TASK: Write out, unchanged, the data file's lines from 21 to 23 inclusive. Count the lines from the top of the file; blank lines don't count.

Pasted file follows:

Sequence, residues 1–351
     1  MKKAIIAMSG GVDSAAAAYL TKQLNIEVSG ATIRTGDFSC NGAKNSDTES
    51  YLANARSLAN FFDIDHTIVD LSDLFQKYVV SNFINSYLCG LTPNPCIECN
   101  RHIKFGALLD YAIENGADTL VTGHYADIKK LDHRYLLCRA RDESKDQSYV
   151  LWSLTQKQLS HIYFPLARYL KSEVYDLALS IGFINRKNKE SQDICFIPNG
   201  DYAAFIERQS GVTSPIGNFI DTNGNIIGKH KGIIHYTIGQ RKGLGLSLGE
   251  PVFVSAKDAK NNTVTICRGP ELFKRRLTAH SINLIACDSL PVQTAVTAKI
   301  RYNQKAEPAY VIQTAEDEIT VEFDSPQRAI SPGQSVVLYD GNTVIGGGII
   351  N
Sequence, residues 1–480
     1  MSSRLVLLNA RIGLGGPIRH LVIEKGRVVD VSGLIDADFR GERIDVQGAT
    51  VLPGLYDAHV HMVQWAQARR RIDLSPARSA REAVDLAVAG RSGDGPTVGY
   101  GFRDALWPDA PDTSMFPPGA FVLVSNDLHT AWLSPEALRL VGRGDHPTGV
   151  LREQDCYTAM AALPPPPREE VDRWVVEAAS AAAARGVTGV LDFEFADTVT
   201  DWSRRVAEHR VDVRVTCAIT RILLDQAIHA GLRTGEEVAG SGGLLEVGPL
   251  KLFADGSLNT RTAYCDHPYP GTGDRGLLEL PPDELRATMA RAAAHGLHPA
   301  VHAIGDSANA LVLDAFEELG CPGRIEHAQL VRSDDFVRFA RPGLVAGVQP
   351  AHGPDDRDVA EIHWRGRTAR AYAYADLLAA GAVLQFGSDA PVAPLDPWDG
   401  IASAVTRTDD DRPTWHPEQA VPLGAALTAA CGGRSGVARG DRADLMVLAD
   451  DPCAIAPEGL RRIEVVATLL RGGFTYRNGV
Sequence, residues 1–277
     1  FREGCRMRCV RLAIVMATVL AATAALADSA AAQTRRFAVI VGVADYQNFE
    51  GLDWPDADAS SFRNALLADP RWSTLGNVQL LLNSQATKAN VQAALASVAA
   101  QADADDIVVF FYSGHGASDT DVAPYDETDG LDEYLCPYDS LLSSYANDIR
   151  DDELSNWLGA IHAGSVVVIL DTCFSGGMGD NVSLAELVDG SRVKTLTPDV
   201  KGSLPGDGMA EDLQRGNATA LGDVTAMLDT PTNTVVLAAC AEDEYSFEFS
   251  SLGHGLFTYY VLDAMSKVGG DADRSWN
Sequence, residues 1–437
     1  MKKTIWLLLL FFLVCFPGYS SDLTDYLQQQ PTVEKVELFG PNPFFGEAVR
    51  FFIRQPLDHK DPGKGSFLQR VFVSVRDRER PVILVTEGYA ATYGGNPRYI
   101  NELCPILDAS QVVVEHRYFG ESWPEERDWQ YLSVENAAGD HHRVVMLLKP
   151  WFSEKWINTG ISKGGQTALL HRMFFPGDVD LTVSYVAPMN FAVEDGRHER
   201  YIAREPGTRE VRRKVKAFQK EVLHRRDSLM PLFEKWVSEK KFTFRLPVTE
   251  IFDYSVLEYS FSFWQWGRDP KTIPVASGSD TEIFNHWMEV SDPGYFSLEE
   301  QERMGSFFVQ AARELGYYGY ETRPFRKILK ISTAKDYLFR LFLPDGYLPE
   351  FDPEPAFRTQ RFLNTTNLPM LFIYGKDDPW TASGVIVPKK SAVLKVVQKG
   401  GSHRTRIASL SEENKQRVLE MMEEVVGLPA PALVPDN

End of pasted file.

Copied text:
Sequence, residues 1–277
     1  FREGCRMRCV RLAIVMATVL AATAALADSA AAQTRRFAVI VGVADYQNFE
    51  GLDWPDADAS SFRNALLADP RWSTLGNVQL LLNSQATKAN VQAALASVAA